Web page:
It never made sense to me that regulators, seeking to reduce merchant fees everywhere from Australia to Venezuela, looked only at interchange and not the associated processing fees. In other words, when the mighty European Commission mandated a reduction in credit card interchange from 175 basis points down to 30bp, they failed to account for the fact that merchant acquirers and processors would still continue their tariffs.
Now, it seems, some regulator finally read a credit card processing statement. As today’s read mentions, UK requlators are now taking a swipe at merchant fees, the dark and cloudy space behind interchange.
The Payment Services Regulator (PSR) announced a ‘Market Review into the supply of card-acquiring services’ on Tuesday in light of complaints about the rising costs to retailers of accepting card payments.
However, the IFR did not cap the fees merchants pay to card acquirers. It assumed competition between the acquirers would limit any tendency to increase fees. In practice, this has not happened.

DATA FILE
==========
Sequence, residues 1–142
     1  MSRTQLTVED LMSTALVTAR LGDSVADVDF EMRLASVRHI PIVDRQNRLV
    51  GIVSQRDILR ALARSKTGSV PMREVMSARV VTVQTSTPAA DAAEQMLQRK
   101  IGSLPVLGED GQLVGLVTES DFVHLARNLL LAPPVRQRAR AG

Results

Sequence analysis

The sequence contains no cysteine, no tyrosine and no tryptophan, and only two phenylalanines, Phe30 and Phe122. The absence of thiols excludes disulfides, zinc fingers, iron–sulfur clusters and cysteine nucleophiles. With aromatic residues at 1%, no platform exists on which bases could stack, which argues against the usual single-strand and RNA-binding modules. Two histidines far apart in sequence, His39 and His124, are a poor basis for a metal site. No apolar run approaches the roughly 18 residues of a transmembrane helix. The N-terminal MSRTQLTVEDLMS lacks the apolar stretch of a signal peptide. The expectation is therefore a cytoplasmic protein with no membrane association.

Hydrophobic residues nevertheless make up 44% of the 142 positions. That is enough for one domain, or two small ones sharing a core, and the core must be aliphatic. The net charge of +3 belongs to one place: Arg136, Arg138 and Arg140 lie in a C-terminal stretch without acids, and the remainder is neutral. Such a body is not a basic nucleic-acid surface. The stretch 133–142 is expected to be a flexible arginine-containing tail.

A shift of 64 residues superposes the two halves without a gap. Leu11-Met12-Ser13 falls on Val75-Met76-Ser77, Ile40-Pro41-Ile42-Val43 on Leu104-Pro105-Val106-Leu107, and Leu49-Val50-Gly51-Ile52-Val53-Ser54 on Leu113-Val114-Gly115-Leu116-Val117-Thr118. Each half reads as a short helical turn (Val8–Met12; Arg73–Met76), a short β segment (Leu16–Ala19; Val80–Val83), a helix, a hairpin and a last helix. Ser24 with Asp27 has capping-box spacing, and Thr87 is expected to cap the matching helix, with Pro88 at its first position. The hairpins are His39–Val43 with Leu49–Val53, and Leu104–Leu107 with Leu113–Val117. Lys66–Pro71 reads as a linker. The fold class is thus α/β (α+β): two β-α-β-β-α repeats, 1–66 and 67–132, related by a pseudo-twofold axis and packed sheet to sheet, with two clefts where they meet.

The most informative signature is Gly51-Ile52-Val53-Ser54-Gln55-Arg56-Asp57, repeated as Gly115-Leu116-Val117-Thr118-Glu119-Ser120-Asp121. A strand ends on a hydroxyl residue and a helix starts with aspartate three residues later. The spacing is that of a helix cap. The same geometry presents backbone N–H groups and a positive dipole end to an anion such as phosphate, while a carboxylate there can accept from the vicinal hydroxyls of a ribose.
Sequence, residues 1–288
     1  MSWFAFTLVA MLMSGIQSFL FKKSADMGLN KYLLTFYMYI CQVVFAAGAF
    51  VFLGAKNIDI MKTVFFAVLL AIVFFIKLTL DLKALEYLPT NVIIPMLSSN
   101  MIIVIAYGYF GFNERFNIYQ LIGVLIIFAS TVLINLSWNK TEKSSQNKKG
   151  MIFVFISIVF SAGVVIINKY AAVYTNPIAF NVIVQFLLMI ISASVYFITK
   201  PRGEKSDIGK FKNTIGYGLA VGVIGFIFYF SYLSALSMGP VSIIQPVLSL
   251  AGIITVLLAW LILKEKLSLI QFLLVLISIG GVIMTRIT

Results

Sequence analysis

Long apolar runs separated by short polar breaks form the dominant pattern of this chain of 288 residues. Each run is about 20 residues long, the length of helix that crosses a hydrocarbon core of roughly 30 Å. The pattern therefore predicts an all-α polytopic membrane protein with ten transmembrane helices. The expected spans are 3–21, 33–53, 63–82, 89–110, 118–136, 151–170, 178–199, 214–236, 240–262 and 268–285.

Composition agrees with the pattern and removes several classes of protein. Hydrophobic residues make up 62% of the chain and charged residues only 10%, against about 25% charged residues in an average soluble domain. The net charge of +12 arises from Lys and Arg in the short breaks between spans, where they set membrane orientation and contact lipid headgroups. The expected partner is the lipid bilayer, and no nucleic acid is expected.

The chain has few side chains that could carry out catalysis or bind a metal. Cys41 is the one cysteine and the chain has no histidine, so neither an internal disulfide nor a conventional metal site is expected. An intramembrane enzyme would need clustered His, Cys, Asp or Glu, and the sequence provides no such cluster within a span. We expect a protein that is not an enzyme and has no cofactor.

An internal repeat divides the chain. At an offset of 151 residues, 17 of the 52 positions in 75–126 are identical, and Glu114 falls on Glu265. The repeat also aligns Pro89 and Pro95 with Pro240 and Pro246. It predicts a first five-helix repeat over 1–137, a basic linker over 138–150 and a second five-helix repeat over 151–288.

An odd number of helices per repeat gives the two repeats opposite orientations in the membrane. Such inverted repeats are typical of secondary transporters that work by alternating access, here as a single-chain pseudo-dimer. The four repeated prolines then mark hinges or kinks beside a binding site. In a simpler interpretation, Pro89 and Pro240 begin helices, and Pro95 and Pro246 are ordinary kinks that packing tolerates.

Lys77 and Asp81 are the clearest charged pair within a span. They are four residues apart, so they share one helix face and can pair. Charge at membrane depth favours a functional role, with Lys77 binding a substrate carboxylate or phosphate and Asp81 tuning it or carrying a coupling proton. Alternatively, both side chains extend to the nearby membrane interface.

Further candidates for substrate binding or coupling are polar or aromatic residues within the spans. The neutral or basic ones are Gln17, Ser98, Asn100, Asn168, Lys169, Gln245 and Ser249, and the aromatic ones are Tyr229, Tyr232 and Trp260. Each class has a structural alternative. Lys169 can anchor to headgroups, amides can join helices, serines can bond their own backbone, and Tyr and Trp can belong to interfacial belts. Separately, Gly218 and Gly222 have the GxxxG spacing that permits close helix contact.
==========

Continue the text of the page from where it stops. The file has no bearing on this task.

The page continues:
As regulators talk across borders, this will likely have global implications. Watch out, Independent Sales Organizations (ISO) or Member Service Providers (MSP) who serve small merchants. They will be looking at items such as “statement fees”, “chargeback fees” and “enhanced services.” There may be reductions soon.
The review will consider the following:
Acquirers not passing on to merchants the savings they made from the IFR cap on interchange fees.• A lack of transparency around the fees merchants must pay to accept card payments.
Barriers “making it hard” for merchants to compare and switch card acquirers.
Barriers to “services that would help merchants compare and switch” acquirers.• The fees card-scheme operators charge to acquirers (‘scheme fees’), and the rules they apply, which “favour larger acquirers”.• A “significant” increase in the scheme-fee portion of fees merchants pay to acquirers.
Given the regulatory trend towards cost accounting, we might soon understand if companies like Square, who charge 1.75% for in person payments, or 2.75% for online transactions, will meet the regulatory test in the UK.
Overview by Brian Director, Credit Advisory Service at Mercator Advisory Group